Eroding a Way of Life

Neoliberalism and the Family Farm


An analysis of how neoliberal policies have radically restructured farming in Western Canada.

The establishment of a Western Canadian economy dominated by family farming was part of the government’s post-Confederation nation building and industrial development strategy. During this era, Western family farms were established and promoted to serve as a market for Canadian industrial goods and a source of export cash crops, which both played essential roles in the national economy. 
In Eroding a Way of Life, Murray Knuttila shows how decades of neoliberal policies, state austerity, deregulation, and privatization have fragmented agrarian communities across Western Canada, a process hastened by the advent of the capitalization of machinery and high-input industrial farming. As a result, earning a living on the family farm has become increasingly impossible. As farmers sell off their land to larger producers, rural communities are watching their railroads, schools, churches, post offices, and hospitals close, and many villages and small towns are being reduced to plaques on the highway.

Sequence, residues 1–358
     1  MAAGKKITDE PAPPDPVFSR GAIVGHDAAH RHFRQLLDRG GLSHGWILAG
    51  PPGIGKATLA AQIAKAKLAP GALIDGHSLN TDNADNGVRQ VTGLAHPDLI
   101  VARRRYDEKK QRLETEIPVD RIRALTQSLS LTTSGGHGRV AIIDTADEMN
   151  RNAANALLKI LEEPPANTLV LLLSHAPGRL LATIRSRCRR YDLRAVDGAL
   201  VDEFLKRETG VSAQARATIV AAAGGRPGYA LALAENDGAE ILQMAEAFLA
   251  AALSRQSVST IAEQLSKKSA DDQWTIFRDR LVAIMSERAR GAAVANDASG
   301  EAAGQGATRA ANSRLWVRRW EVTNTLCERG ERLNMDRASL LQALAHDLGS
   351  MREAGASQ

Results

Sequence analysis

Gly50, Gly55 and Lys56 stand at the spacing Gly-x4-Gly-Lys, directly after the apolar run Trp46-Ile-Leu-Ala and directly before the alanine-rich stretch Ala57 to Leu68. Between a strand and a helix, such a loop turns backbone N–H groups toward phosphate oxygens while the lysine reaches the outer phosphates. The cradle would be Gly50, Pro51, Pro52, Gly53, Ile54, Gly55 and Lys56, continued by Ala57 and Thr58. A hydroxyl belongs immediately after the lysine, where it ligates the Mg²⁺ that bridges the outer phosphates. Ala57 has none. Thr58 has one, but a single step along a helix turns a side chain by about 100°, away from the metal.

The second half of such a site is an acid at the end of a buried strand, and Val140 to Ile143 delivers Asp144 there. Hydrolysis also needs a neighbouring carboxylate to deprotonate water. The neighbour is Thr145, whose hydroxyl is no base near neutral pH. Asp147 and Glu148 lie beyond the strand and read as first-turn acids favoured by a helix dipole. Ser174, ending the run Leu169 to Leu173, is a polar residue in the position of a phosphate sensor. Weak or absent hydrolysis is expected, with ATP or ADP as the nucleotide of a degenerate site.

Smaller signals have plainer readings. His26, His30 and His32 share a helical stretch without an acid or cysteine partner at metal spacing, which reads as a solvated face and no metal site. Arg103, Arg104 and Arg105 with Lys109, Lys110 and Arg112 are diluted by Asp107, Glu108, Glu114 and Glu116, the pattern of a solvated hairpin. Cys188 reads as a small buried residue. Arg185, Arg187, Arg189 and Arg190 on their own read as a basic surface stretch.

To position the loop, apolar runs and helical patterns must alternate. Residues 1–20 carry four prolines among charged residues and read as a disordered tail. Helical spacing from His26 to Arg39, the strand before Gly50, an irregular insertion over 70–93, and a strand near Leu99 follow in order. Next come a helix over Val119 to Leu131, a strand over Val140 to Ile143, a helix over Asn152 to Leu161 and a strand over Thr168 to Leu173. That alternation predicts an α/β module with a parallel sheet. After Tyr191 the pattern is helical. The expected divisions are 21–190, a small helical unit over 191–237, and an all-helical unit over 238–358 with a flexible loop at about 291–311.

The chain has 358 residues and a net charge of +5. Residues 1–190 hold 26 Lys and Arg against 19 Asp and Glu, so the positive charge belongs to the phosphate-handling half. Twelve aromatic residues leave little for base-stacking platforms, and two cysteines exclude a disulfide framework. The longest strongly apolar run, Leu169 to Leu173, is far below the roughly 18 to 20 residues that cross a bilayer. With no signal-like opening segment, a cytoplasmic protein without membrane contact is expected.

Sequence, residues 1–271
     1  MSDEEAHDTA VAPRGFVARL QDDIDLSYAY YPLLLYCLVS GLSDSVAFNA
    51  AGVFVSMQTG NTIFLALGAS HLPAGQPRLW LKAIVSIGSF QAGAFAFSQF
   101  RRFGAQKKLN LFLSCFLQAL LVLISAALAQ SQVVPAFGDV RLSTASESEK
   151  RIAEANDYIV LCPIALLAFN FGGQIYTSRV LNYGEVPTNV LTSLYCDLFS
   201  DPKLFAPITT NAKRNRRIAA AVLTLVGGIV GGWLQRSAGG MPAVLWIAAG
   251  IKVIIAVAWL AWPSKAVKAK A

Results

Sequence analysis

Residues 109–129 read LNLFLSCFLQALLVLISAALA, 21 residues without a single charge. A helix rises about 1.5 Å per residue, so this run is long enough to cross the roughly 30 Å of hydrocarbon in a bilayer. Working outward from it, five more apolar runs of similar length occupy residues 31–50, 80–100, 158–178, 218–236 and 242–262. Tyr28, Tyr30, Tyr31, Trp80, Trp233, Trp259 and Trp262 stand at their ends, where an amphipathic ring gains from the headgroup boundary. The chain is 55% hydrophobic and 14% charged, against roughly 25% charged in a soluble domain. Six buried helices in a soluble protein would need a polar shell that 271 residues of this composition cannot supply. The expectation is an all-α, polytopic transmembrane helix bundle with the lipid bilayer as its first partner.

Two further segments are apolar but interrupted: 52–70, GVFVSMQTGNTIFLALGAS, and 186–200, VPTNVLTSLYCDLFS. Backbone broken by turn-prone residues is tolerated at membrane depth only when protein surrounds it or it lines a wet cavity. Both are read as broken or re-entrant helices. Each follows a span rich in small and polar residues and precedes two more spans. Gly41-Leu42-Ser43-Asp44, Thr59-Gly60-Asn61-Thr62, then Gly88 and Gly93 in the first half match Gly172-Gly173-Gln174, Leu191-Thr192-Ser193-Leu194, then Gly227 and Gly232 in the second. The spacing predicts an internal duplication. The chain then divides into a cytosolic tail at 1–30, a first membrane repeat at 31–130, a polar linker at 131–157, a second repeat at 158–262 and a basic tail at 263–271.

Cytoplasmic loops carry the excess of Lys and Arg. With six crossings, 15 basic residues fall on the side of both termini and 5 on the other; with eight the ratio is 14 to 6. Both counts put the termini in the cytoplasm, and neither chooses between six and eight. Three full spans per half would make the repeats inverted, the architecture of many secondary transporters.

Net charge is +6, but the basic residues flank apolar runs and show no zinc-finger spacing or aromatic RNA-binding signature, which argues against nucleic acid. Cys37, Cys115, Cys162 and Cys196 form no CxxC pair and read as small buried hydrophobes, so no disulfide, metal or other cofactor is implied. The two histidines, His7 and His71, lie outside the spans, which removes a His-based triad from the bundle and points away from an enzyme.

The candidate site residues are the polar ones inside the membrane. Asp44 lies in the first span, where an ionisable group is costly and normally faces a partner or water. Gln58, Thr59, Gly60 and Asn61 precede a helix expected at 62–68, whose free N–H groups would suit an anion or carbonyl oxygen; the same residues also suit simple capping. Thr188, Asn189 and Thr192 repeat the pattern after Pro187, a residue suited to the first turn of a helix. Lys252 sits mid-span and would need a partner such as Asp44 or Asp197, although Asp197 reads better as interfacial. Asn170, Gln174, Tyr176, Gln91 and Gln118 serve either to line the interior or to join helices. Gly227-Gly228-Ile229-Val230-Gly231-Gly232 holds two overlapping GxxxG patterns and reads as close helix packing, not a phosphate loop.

Analyzing the history of prairie agriculture through the lenses of class, federal policies, and global capitalism, Knuttila describes the physical, social, and political reordering of the countryside and the resulting human costs paid by farmers, labourers, and families.


  • Short-listed, The Hill Times Best Books of the Year 2023


“Well-researched and thoughtfully presented” —Literary Review of Canada
"A superb account of so many aspects of federal a single, compelling, human story." —Roger Epp, author of Only Leave a Trace
"Knutilla deftly demonstrates transformation in capitalist growth strategies, from independent commodity production to 'self-reliant' corporate agriculture." —Alvin Finkel, author of Compassion: A Global History of Social Policy
"a timely and major undertaking—including the book's note to populism—as much of drives Western alienation today is not new. The reader finds here the vulnerabilities of the farmer to exogenous factors, including climate change and economic decisions made in Ottawa, Washington, or Moscow." —Lars K Hallstrom, co-editor of Sustainability Planning and Collaboration in Rural Canada